Fig. 3.1 — Electric dipole induced on an atom

Chapter 3 — Dipole Approximation

If a neutral atom is placed in an electric field, the negative electron cloud surrounding the positive nucleus will be displaced, leading to a separation between the centres of mass of the positive and negative charge distributions, as shown in Fig. 3.1. The resulting induced dipole can experience electrostatic forces arising from its interaction with the inducing electric field. An oscillating electromagnetic field, such as that of the laser beam used to generate an optical tweezers, will induce an oscillating dipole, which will also experience forces arising from its interaction with the inducing electromagnetic field. Furthermore, an oscillating dipole radiates an electromagnetic field that can produce a mechanical effect on other induced dipoles leading to, in some cases, the formation of stable ordered structures, a phenomenon known as optical binding. In this Chapter, we will study how induced dipoles can experience optical forces in an electromagnetic field. This approach is valid not only for the study of optical forces on neutral atoms, but also on other small particles, such as molecules and nanoparticles. Here, “small” means “much smaller than the electromagnetic wavelength” and, in this sense, the dipole approximation is the an- tithesis of the geometrical optics thesis described in Chapter 2. Nevertheless, we will come to the synthesis in Chapters 5 and 6, where we describe the general exact approach based on electromagnetic theory.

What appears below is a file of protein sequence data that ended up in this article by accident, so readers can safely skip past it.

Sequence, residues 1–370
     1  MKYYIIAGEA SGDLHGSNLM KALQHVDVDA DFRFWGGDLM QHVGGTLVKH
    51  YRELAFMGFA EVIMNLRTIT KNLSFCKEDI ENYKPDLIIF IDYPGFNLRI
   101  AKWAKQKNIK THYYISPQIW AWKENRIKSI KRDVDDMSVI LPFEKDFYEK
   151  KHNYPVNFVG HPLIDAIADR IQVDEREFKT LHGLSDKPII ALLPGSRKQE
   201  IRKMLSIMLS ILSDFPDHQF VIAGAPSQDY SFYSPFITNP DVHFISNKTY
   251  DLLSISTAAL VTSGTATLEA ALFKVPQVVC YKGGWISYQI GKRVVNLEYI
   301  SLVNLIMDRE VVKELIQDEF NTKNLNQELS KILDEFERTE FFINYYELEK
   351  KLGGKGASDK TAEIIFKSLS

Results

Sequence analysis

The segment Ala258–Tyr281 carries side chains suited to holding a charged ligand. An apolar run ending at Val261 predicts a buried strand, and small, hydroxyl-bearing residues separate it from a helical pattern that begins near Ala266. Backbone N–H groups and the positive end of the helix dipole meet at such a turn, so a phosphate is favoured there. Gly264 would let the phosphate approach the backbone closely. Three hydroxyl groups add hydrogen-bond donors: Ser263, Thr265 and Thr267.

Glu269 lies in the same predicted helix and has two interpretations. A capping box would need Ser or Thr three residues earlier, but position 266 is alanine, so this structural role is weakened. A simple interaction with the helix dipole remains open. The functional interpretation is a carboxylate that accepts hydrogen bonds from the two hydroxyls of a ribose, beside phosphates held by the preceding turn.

3.1  The electric dipole in electrostatics

3.2  Polarisability and the Clausius–Mossotti relation

3.3  The electric dipole in an oscillating electric field

3.4  Radiative reaction correction to the polarisability

3.5  Cross-sections

3.6  The optical theorem

3.7  Optical forces
3.7.1  Gradient force
3.7.2  Scattering force
3.7.3  Spin–curl force

3.8  Atomic polarisability

3.9  Plasmonic particles

3.10  Optical binding



Leave a Reply